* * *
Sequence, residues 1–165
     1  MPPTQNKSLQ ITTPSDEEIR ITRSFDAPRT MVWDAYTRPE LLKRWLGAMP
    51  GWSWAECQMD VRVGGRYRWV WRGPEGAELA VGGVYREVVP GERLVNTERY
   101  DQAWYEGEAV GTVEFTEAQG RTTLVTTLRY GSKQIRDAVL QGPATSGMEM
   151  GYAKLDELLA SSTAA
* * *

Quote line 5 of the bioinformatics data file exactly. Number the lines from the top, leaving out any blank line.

   151  GYAKLDELLA SSTAA